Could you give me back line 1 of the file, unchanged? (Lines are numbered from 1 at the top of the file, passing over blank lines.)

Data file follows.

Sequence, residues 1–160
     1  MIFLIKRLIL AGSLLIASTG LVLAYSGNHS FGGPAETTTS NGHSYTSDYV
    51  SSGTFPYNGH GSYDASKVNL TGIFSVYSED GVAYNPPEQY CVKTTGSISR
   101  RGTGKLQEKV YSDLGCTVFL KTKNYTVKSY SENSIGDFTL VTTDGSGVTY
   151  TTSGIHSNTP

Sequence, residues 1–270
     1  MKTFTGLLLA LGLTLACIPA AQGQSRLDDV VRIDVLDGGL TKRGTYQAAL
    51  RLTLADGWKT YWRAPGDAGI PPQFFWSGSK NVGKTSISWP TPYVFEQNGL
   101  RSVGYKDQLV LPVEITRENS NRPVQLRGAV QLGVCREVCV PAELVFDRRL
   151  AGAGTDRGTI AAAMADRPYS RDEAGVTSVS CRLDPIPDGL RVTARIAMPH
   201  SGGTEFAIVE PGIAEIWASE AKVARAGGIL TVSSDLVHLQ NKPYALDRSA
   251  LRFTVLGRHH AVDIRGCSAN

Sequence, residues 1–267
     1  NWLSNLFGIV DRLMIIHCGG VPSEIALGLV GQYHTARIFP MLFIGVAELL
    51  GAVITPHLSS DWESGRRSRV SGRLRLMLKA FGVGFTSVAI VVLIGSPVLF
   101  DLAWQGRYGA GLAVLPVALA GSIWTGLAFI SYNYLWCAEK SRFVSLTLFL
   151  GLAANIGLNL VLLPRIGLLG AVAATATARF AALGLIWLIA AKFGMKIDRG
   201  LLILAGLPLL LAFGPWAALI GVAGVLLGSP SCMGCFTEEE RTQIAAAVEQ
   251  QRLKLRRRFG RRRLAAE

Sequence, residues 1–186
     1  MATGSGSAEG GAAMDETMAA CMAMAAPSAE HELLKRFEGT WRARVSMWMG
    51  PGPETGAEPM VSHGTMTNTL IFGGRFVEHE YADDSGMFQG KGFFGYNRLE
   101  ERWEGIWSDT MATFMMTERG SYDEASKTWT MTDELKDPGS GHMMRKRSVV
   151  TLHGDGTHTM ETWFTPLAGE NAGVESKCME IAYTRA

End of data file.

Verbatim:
Sequence, residues 1–160